November 15, 2022
The U.S. Food and Drug Administration has released an outline of a prevention strategy under development to prevent Cronobacter sakazakii illnesses associated with consumption of powdered infant formula.
This prevention strategy is being developed following a large-scale recall of powdered infant formula earlier this year. Powdered infant formula was recalled because FDA investigators found insanitary conditions in a manufacturing facility, which possibly contributed to Cronobacter sakazakii infections in four infants. The recall added further pressure to an already stressed supply-chain, making it difficult for caregivers of infants to find certain powdered infant formula products earlier this year. While the supply of infant formula products has been steadily increasing and the FDA continues to work with manufacturers to maximize production and fill store shelves, this strategy will outline our path toward enhancing the safety of these products.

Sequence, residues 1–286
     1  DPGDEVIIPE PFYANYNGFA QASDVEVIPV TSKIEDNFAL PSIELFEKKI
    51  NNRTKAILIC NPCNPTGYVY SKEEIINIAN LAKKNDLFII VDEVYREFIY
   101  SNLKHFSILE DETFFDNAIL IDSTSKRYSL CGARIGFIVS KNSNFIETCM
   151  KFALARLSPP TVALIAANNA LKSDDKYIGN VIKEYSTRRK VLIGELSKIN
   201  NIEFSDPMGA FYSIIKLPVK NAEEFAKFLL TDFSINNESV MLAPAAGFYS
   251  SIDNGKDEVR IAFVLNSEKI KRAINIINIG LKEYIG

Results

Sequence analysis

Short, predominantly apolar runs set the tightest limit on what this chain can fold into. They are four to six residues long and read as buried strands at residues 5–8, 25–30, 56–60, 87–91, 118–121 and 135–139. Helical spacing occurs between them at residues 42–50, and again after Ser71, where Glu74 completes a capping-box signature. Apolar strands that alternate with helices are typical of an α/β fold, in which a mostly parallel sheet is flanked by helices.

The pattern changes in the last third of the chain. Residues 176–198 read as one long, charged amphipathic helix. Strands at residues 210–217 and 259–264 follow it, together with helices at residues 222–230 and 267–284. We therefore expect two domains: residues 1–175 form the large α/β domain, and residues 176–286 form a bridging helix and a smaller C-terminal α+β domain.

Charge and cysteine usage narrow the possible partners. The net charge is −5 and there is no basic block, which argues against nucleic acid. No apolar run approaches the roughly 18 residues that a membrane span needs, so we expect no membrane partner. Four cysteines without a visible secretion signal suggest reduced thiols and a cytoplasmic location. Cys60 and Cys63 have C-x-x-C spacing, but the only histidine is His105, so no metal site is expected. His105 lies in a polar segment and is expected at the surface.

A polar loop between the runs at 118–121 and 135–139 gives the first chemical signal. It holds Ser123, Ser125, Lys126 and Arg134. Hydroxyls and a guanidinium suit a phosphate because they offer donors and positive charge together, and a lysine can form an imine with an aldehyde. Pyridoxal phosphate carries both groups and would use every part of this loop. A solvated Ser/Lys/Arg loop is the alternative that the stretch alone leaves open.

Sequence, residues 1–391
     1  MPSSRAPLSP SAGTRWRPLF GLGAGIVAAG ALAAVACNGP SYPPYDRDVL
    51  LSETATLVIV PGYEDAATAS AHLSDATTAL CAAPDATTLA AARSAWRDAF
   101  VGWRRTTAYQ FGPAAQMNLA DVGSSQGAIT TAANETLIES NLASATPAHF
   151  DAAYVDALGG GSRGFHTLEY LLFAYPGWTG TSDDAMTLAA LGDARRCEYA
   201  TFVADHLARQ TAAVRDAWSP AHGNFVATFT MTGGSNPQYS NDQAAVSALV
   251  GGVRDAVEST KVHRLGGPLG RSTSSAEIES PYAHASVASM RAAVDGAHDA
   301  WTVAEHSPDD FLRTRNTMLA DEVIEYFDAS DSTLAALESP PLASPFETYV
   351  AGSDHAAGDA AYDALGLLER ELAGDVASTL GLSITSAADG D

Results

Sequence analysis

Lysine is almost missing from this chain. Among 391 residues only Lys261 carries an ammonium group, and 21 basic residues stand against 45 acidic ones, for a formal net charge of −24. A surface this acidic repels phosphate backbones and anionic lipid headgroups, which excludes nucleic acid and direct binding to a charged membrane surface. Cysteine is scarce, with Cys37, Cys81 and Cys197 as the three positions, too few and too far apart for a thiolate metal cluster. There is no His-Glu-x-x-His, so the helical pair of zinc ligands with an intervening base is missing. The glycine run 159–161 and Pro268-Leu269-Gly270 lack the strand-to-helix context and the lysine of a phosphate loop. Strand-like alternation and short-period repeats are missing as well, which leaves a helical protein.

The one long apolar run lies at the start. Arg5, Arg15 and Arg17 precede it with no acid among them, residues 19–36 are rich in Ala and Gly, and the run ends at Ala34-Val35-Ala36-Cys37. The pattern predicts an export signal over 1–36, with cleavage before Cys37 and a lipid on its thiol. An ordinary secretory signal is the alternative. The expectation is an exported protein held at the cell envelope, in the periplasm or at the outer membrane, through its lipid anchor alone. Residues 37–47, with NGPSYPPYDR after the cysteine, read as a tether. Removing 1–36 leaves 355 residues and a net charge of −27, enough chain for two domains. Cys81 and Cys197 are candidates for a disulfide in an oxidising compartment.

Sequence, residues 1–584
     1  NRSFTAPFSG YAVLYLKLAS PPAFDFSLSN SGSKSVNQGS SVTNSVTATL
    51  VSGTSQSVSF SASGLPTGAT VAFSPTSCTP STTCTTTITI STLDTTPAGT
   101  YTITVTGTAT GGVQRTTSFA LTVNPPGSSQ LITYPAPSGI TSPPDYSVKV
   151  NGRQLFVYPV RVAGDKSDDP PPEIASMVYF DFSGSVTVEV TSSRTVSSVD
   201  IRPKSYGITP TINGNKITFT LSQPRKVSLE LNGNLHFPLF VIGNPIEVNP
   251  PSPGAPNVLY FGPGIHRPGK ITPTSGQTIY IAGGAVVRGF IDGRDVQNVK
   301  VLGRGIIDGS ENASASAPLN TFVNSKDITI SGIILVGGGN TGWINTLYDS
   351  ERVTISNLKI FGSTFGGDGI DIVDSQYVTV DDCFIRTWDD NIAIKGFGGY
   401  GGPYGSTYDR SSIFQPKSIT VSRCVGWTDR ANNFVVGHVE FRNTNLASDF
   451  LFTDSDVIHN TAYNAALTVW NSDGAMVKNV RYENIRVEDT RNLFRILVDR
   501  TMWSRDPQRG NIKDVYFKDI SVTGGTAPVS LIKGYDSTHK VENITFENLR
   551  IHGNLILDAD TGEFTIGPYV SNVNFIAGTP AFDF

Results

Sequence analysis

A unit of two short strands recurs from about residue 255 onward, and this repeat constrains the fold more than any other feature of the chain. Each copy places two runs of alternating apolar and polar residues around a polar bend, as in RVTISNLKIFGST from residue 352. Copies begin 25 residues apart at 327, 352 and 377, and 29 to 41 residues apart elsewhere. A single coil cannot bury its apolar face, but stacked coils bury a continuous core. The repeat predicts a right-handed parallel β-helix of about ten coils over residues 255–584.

Food safety is a shared responsibility and stakeholder engagement is critical to inform our collective next steps. The outline released today is intended to guide discussions during further development of FDA’s strategy to prevent Cronobacter sakazakii illnesses associated with consumption of powdered infant formula. In the coming weeks, teams from across the FDA will be meeting with stakeholders to further discuss, hear their ideas, and finalize the prevention strategy. Following this engagement, we intend to release an updated summary of the powdered infant formula strategy on FDA.gov, just as we did with those, we recently released for bulb onions and imported enoki and wood ear mushrooms. The updated summary will outline where we are and where we are going in our efforts to enhance the safety of powdered infant formula and will continue to be updated over time as more information is learned.
For More Information:
- Outline of FDA’s Strategy to Help Prevent Cronobacter sakazakii Illnesses Associated with Consumption of Powdered Infant Formula